se neglected works are explored only by the most assiduous students of Italian literature. Most of all he enjoyed the great work of an author then living,—the Promessi Sposi of Manzoni. Hillard wrote to him, Nov. 29: You have made an admirable use of your opportunities in Italy. Nobody has ever done more so. The list of books which you have read absolutely startles me. I do not understand how you could have found time for any thing else. Sumner found at Rome, in the Consul of the United States, a scholar of kindred tastes, with whom he established a perpetual friendship. Some will remember that when, in his later years, he was to speak at Faneuil Hall, he brought with him to the platform a slightly built man of fine texture, scholarly mien, and imperfect sight, for whom he cared with singular delicacy. That was George W. Greene, who at Rome, thirty years before, had assisted him in his studies, strolled with him among ruins and on the Campagna, and was associated with the m
St. Albans, Vt. (Vermont, United States) (search for this): chapter 14
by their beauty. I saw pictures in clear day, and I could sit down amidst ruins, nor fear a winter damp or chill. Of society I have seen little, except incidentally, though I have known many individuals. In Naples I did not trouble myself to leave a single letter of introduction. In Rome, the Princess Borghese died two days after my arrival; the French Ambassador had left for the summer before I came. The Countess of Coventry Lady Coventry was the daughter of Aubrey, sixth Duke of St. Albans, and the wife of George William, eighth Earl of Coventry, and the mother of Lady Holland. She died in 1845. Mr. Milnes (Lord Houghton) gave Sumner a letter of introduction to her. had retired to Albano, where she invited me to visit her: I did not go. Others had fled in different directions. In Florence, the Marquesa Lenzonis Medicis—the last of this great family—invited me to her soirees:I went to one. The Marquis Strozzi called upon me: I had not the grace to return his call. The Cou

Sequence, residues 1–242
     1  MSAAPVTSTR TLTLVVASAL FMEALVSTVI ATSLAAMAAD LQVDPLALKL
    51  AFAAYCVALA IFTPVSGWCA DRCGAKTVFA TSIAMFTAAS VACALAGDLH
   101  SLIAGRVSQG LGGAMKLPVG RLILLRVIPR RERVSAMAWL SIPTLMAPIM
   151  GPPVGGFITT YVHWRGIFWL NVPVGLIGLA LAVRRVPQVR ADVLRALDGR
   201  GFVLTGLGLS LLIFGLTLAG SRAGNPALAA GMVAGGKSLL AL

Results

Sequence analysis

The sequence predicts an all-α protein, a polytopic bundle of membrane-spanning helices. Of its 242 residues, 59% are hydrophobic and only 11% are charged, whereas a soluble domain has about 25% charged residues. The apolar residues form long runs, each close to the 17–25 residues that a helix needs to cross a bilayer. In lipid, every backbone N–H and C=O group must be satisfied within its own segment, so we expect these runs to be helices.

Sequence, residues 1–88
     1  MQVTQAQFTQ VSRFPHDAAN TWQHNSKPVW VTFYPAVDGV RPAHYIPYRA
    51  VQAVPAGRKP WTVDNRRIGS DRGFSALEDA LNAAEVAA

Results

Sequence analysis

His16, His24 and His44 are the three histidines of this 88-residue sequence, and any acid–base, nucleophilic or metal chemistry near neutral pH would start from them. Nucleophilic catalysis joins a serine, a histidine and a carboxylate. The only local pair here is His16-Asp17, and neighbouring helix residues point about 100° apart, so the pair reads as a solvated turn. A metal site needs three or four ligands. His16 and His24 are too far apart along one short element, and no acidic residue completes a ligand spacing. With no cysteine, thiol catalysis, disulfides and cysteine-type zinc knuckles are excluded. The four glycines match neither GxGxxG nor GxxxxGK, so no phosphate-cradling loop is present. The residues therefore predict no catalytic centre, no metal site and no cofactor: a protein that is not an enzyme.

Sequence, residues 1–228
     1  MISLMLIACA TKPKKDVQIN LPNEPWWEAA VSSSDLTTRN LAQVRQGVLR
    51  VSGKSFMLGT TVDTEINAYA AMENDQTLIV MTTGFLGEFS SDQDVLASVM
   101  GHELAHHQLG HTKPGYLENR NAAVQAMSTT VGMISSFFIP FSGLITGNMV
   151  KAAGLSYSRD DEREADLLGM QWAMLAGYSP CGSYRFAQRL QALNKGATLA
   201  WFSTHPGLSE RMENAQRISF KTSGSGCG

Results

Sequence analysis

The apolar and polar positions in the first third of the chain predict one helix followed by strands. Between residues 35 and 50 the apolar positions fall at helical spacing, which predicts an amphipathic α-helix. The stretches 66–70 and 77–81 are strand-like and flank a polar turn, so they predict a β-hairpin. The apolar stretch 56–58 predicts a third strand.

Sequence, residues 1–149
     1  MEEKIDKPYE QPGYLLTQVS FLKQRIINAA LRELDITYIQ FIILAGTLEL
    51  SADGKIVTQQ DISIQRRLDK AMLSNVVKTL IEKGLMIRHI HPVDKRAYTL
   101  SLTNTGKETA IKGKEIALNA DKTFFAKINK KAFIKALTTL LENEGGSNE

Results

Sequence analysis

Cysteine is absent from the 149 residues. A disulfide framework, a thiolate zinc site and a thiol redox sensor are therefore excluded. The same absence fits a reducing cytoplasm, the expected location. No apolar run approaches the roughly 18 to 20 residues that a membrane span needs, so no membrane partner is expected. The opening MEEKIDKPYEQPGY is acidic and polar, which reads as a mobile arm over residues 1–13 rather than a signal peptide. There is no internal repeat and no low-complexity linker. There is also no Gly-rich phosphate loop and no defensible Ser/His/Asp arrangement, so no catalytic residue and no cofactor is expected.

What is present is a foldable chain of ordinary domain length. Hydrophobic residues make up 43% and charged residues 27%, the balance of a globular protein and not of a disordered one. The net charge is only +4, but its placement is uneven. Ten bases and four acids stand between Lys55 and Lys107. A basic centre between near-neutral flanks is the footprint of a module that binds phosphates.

Hannibal (Missouri, United States) (search for this): chapter 14
riends I have learned some lessons in economy. It is to me astonishing to observe the nicety with which they drive a bargain; and as one of them has always held our common purse and acted as manager, I have had the benefit of it without the trouble. To-morrow we start together, in a carriage we have hired, for Rome. Rome, May 21. I am in the Eternal City. We passed through dirty Capua (shorn of all its soft temptations); with difficulty found a breakfast of chocolate and bread where Hannibal's victorious troops wasted with luxury and excess; enjoyed the perfume of the orange and lemon trees that line the way in the territories of Naples; at midnight awoke the last gendarme of his Neapolitan Majesty, who swung open the heavy gates through which we entered the territories of the Supreme Pontiff; rode all night; crossed for twenty-eight miles the Pontine marshes; and at length, from the heights of Alba, near the tomb of the Curiatii, descried the dome of St. Peter's and Rome! I
Georgia (Georgia, United States) (search for this): chapter 14
keep clear, quite clear, of debatable ground. Sumner frequented at Florence the studio of Powers, who was then at work upon his Eve. He formed at the same time a pleasant acquaintance with Richard Henry Wilde,—once a member of Congress from Georgia,—then pursuing researches for a Life of Dante, on which he was engaged. At Wilde's request, he traced out at Ferrara some manuscripts of Tasso, and afterwards at Venice others connected with Dante. In Florence, he met a tourist from Boston, al. When I told him that Prescott used his eyes considerably now, he exclaimed in English: God, what a happy man he must be! I like Capponi much, and regret that I saw so little of him. Of Wilde Richard Henry Wilde, 1789-1847. He represented Georgia in Congress at different times, from 1815 to 1835; was in Europe from 1835 to 1840, residing much of the time in Florence; published a book on The Love, Madness, and Imprisonment of Tasso; undertook a Life of Dante, which he did not live to comp